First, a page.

As Fram was set to lineup, Coach Bill Mikkelchick worked on his tactical prep of the Fram squad. He astutely noted that Elite FC have a lot of players, so be aware of that. He then noted that they will get tired quickly so we should run a lot. Feeling prepared, Fram took the field….with 10 players. Arsene Mikkelsub, in a punitive move to bench a top striker, started Sheldon not only on the bench but in the locker room. Actually, that wasn’t Coach Mikkelcalm’s doing. Sheldon decided to change shorts as the game started. Erik was super ok with this move and happily tried to get Sheldon into the game at the first available moment. Christophe, looking confused, offered his back up tights. Sheldon said he was ok with this shorts and we were all set after a few minutes.

Adding to the concoction of Mt. St. Mikkelsen was the fact that Paul forgot his jersey halfway to the game(it was in his Uggs bag), Tim had to pitch to his son’s tee-ball team and Chirgy was just coming at half. Adding to the revolving door of Fram players, Brian, Eddie and Mauricio were leaving at half and Wode was a no-show, attending the ever-popular convention, “First Annual HavapooCon for People That Only Post Pictures of Their  Dog Wearing Soccer Jerseys and Halloween Costumes.” Somewhere, Adam Pomfret is jealous.

Fram came out and expectedly had 75% of the possession but was not creating many dangerous chances. Elite was surprisingly creating some counters against Fram but Fram was solid in defense…less a few wayward passes out of the back.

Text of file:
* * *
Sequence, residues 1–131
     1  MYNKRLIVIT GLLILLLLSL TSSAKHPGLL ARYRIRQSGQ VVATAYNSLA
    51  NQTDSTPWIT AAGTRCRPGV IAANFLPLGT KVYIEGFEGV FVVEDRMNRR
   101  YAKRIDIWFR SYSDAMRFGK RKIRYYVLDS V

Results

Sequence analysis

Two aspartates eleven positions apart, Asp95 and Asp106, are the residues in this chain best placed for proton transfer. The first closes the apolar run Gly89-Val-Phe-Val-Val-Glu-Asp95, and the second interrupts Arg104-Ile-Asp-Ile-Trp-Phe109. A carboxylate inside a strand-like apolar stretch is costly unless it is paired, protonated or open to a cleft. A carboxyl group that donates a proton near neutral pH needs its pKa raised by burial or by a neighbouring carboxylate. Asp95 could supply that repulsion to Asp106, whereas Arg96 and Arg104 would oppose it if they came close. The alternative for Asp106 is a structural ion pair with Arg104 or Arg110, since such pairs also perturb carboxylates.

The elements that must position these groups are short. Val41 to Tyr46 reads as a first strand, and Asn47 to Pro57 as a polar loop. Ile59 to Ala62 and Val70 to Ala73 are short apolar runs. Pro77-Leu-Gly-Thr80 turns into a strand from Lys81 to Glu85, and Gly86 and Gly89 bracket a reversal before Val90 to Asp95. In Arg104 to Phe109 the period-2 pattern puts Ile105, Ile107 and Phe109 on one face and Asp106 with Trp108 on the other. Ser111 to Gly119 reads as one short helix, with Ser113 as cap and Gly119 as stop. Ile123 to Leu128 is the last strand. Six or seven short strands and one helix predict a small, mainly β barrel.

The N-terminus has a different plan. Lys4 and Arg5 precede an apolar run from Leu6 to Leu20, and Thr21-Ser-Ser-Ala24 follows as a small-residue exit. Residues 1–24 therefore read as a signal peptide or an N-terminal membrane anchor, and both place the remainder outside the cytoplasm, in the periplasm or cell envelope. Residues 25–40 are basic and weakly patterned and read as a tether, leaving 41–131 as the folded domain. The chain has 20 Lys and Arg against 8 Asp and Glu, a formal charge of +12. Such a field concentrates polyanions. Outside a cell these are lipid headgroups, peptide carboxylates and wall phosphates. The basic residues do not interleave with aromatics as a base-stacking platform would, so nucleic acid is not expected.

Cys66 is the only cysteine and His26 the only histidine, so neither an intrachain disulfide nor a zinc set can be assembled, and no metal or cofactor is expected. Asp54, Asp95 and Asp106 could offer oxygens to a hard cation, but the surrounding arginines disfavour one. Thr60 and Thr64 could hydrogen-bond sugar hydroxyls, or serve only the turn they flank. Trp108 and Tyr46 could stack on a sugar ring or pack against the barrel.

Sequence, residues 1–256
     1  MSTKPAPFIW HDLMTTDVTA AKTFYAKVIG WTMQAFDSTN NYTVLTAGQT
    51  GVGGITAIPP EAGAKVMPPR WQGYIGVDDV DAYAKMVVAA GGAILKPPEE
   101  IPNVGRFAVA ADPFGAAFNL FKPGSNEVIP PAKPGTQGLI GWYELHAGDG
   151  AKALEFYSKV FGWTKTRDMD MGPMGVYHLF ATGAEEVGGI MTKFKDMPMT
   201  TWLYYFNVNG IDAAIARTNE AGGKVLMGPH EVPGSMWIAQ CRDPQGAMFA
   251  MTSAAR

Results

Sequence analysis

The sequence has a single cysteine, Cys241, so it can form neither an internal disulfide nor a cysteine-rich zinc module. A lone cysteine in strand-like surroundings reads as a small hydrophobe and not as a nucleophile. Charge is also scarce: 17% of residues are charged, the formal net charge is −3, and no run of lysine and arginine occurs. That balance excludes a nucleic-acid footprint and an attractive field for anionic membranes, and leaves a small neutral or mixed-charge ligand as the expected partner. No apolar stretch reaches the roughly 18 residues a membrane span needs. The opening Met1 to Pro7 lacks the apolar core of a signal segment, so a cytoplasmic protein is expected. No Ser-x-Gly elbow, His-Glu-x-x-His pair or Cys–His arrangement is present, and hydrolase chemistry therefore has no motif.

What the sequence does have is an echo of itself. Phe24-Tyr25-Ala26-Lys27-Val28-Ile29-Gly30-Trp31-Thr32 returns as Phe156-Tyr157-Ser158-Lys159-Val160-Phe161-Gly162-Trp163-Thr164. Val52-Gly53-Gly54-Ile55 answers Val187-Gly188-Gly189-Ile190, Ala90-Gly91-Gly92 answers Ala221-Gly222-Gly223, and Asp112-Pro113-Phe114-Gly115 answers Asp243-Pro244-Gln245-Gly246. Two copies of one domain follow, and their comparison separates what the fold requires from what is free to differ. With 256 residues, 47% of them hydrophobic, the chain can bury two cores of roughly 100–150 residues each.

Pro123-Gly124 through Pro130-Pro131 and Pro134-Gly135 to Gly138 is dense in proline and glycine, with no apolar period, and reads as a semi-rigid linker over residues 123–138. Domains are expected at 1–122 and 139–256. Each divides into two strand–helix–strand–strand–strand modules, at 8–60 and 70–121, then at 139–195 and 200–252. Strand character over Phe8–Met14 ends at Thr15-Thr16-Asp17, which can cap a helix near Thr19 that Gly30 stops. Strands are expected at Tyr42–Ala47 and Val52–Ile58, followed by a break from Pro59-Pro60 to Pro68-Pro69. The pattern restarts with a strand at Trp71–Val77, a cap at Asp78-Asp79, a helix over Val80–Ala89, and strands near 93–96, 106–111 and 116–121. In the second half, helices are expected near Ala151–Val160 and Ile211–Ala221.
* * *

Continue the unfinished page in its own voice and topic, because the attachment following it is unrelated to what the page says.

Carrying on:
Then Fram got on the board.

Magic and Kareem. Goodman and Mackerer. Montana and Rice. Great sports duos. Once again, they came through. After Fram figured out that there was space on the wings, they began to open up Elite. After a solid build up, Fram sent the ball wide to Mackerer, who spotted a streaking Goodman. Goodman volleyed in the cross from 18 out to put the hosts up 1-0. Screams from the bench were for Goodman to improve his celebration. He said you need to act like you have been there before. But, has he? Anyway, halftime came with Fram up 1-0.

Tony Robbinssen came in to espouse positivism and reaching our potential. Here is how he asked about Brian’s hurt shoulder,”No more bad balls back there, Brian.”

Chirgy reminded us to play it early but if he gets it, expect him to take a few touches. Fram came out and had a clear cut chance but Chirgy tried to play it first time…well, he did, right out of bounds.

Fram continued to dominate and netted their second when perennial playmaker, Jeff Goodman whipped a perfect left footed cross to a streaking Todd, who hammered home on a clean finish. 2-0.

Fram almost had a third when, now left back, Mackerer blasted a one-timer that was cleared off the line by the Elite keeper. Lags, quite impressed with the attempt, added that he was too impressed to comment on the shot. Well, moments later he had the ball on Fram’s half with no one around. Lags took a birthday touch, looked around and his failing 42 year old body crumpled and led to an Elite counter. Luckily, it wasn’t elite, as half our defense was laughing out loud during the attack.

As the game wound down, their central midfielder came in with a high, two-studded challenge to Paul’s shins. Paul was gracious in the player’s apology…as he was quickly shown red. No chest or neck stomps followed.

Fram took the 3 points and enjoyed some beers in the locker room to celebrate Tony’s 50 years, Lags’42 and the fact that Brendo now brings veggie plates to the post game celebrations.

*Editor’s note: Blasted and Streaking are used generously.